The First Integrated Photon Source to Deliver Large-Scale Quantum Photonics
Physicists from the University of Bristol in the UK have developed the world’s first integrated photon source with the potential to deliver large-scale quantum photonics.
The development of quantum technologies holds great promise across science, engineering, electronics, and indeed wider society on the whole. When quantum computers are developed and deployed at scale, they will be able to quickly solve problems that even the most powerful supercomputers of today struggle with, and this, in theory, will lead to many promising, revolutionary applications like the development of new materials.
Now, a team of physicists at the University of Bristol are said to have developed an integrated photon source. The researchers published their findings in Nature Communications on May 19 and claim that their work is a “quantum leap” that represents a major step toward at-scale quantum technologies.
Generating and Controlling Photons
The reason that this development is so promising is that integrated quantum photonics as a platform could be used to develop quantum technologies. This is due to the platform’s capacity to generate and control photons in complex optical circuits, and leveraging the CMOS silicon industry for the fabrication of integrated devices could bring us circuits with thousands of optical fibers and components on a single millimeter-scale chip.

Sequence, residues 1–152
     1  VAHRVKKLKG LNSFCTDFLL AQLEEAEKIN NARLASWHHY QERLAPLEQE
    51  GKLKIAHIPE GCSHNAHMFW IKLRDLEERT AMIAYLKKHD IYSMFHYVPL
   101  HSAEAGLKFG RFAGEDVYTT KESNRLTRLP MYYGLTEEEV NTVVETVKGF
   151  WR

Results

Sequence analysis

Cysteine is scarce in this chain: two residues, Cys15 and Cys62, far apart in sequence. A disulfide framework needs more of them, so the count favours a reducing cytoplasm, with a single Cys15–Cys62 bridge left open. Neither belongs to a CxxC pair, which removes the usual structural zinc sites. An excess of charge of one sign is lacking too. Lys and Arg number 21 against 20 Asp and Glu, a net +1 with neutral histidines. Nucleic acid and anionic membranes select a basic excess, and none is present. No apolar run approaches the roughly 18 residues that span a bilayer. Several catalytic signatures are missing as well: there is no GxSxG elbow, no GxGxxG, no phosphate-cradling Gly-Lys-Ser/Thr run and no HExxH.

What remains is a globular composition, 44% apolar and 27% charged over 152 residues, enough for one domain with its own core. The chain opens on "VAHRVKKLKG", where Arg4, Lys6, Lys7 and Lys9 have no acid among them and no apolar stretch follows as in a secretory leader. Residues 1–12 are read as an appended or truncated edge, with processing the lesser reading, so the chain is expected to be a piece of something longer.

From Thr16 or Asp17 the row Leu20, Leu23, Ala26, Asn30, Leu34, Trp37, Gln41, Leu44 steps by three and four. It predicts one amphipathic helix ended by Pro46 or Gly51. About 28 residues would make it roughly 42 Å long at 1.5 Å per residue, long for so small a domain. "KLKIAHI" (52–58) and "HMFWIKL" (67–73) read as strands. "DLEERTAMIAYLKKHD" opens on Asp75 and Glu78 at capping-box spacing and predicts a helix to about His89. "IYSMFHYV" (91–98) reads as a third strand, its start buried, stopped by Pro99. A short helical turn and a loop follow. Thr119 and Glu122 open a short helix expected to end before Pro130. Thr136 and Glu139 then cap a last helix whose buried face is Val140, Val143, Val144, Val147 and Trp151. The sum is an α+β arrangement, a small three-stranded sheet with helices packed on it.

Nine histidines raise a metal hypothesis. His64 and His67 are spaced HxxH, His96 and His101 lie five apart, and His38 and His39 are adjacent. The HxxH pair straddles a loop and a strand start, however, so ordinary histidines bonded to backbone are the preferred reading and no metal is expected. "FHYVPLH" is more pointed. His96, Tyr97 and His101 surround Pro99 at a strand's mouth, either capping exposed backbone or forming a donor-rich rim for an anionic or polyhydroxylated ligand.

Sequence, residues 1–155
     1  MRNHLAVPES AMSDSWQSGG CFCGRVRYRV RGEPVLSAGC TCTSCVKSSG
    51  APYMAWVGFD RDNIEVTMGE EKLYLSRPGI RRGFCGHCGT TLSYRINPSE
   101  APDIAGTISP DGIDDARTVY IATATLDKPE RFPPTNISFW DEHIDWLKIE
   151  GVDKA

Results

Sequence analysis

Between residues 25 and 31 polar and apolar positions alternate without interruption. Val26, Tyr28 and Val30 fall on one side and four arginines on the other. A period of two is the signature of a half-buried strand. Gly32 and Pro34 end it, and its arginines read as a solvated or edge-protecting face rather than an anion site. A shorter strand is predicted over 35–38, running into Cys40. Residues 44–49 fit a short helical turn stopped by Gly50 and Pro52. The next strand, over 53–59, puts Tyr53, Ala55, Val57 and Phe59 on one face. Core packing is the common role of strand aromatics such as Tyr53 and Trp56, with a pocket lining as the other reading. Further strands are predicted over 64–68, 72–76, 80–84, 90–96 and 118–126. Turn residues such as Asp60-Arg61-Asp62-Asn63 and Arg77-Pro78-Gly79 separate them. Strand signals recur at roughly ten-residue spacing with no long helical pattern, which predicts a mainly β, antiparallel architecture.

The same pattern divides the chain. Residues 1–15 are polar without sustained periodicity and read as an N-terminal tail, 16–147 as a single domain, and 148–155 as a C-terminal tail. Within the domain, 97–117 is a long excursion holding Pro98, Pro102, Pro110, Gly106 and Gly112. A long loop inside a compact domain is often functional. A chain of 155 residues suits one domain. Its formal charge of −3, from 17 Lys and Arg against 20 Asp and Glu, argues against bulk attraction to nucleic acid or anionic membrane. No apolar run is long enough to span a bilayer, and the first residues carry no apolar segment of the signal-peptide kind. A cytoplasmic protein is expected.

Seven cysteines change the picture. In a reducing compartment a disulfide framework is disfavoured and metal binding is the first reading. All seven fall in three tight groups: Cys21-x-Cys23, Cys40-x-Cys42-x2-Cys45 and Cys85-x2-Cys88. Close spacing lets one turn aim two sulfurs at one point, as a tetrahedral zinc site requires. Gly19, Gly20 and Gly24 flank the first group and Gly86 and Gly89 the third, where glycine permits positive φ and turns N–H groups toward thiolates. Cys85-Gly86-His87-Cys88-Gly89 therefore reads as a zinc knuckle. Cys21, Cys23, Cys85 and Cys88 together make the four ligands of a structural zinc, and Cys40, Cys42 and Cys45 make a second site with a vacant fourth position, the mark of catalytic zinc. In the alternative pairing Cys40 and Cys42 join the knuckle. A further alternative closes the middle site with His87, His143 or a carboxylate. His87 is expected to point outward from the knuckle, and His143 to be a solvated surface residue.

However, a major challenge has limited the scaling of integrated quantum photonics—the lack of on-chip sources available to generate high-quality photons. Without this, errors in quantum computing processes quickly accumulate with more complex circuits and this leads to unreliable computations.
The silicon photonic chip used by Bristol researchers to generate and interfere photons. Image credited to S Paesani
Fabricated Using CMOS-Compatible Processes
Working with colleagues at the University of Trento in Italy, the Bristol researchers benchmarked the use of on-chip sources for photonics in quantum computing via a Hong-Ou-Mandel experiment, a core component of optical quantum information processing.
This experiment, the researchers claim, exhibited 96% visibility, the highest quality on-chip photonic quantum interference ever. The silicon photonic device was fabricated via CMOS-compatible processes in a commercial foundry, meaning that thousands of sources can be integrated on a single device.
The research may represent a major step toward building quantum circuits at scale, bringing forth the potential development of several novel applications. "We have solved a critical set of noises that had previously limited the scaling of photonic quantum information processing,” said Dr. Stefano Paesani, the research paper’s lead author.
For example, hundreds of these sources could be used to build near-term noisy intermediate-scale (NISQ) photonic machines, where multiple photons can be processed to solve specialized tasks.
Now that the researchers know how to build near-perfect photon sources, the team will scale the silicon platform to integrate tens to hundreds of them on a single chip. Circuits at this scale could make possible the solving of industrially relevant problems beyond the capability of present-day supercomputers.